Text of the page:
I bet most of you reading this have experienced this painful learning experience.
Maybe you are at the beginning of recovery and understanding that food rules are limiting your choices for food and other areas in life.
Or you have gotten to the level of “I understand that only I know how hungry/full , what foods and when and I not going to give my power away anymore”. You value the freedom that becoming an attuned eater has given you.
However maybe this has happened:
You are out to dinner with people you care about and vise versa. We are not using the example of people we don’t know or care about in this example because it is a LITTLE easier to let go of what they are doing because the relationship is different.
And the people you care about just announced at the table, “I can’t eat xyz” or “XYZ is so bad” as you are trying to order your food with you attuned eating skills of what do I want that works best with my appetite, the kind of food they have and maybe a little nutrition consideration.
It’s not that you didn’t notice they have lost weight but you have been doing your best to stay grounded in yourself and not worry about them, and besides, you know that within a year they will probably, just by eating normally, gain it back (because that is how the body responds to a diet cycle) and you certainly don’t miss torment of having your weight go up and down.
But, they keep talking about food and weight. And it gets to be too much. So you decide to eat something that is lower calorie because their diet voices made your diet voice feel like it was missing a party.
This is where my clients ask, “Ugh, I hate that it happened, what can I do?”
We can do several things:
1) We can be compassionate toward ourselves. It is hard to listen to people obsess about food. And even harder when you are just starting to break free from the very thoughts and behaviors they are exhibiting as “no big deal”.
2) We can realize that we are still going to hear the siren song of “weight loss will make you happy, comfortable, etc” when we still have some difficulties with our own body size, even if you have come a long way. Knowing that weight loss talk triggers that part of yourself that still believes being smaller will bring you self-esteem can help you feel less blind-sided when diet talk is around you. It doesn’t make it easier to hear it, but you have more defenses to take care of yourself.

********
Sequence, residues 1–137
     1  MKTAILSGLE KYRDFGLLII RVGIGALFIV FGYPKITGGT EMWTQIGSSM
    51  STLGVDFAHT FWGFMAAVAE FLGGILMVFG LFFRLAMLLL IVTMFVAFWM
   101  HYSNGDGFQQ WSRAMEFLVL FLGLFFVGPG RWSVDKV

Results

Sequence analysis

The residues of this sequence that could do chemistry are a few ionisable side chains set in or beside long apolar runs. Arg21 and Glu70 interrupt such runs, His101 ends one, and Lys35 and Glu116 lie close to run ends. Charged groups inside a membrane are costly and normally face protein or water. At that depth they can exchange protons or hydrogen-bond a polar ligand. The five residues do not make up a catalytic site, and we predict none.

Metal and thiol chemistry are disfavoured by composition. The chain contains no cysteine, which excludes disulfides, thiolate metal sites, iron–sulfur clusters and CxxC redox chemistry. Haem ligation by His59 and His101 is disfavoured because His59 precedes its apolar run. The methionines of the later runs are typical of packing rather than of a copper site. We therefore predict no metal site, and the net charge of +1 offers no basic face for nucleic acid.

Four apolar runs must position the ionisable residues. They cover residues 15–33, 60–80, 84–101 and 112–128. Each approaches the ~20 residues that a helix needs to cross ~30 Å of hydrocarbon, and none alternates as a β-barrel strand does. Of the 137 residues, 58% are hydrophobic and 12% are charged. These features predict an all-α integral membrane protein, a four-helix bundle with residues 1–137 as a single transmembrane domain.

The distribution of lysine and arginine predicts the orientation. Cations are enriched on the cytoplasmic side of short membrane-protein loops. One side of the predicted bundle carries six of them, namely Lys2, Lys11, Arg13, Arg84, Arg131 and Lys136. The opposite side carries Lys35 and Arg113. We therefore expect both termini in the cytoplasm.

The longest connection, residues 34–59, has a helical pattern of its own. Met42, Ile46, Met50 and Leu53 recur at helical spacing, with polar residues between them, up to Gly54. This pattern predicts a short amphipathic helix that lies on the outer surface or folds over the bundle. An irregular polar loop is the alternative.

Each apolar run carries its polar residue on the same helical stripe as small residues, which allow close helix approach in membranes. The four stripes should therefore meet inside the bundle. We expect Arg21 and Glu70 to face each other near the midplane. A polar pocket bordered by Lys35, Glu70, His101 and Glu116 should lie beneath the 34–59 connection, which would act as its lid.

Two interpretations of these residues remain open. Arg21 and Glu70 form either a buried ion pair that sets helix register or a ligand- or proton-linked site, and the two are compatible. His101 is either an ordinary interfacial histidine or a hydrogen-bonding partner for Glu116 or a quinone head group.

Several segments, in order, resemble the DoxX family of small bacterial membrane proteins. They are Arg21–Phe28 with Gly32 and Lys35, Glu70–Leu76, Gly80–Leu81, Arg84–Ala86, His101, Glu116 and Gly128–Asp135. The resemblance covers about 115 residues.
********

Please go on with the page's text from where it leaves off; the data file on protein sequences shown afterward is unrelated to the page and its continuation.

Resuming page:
3) This post was mostly about being blinded sided by diet talk, however keep in mind that there is so much diet industry mythology out there that most people have some hiccups about weight and food. If you can take a stance of just because someone else says something about food or weight doesn’t make it true, and it certainly may not be true about me.
4) If you are being swayed by others diet talk, the bottom line is that you probably need to look at your beliefs about food and weight more closely. Especially weight. If you believe that you need to weigh less, it will be hard to not have a critical eye on your food, because the diet and health industries have been very good at educating people to believe that if you weigh more, you must have eaten too much. And even if that were true, do you want to continue to believe that you are morally inferior because of your relationship with food?
I know this is a hard topic and situation, so I would love to hear back comments written in the section below. How have you handled diet talk as you are trying to navigate your own eating?
As always, best wishes for peaceful eating.
I didnt realize it until reading this that I have allowed myself to engage in the diet talks at school. Not sure yet what to do or what to say to distance myself from that.
There are lots of strategies; it just depends on what you want to accomplish. The best first step, if you don’t want to engage in diet talk, is not to say anything disparaging about your own food or body and of course anybody else’s.
If someone directs diet talk at you, you can change the subject to the weather, hobbies; whatever redirects the conversation.
If someone continues with diet talk and didn’t take the hint, you can say that you would rather not talk about food and body in a negative way. There are lots of off-shoots of that because these conversations can be difficult–Looks like we can address this in another post!
Thanks for the comment!
I have that belief with anorexia that being small is the key. do I want to be a little girl again? it is so hard to let go of this belief.
It can be hard to let that go. I think it takes a lot of positive re-parenting of ourselves and with others if possible to basically retell or make new stories about how we can be who we are and feel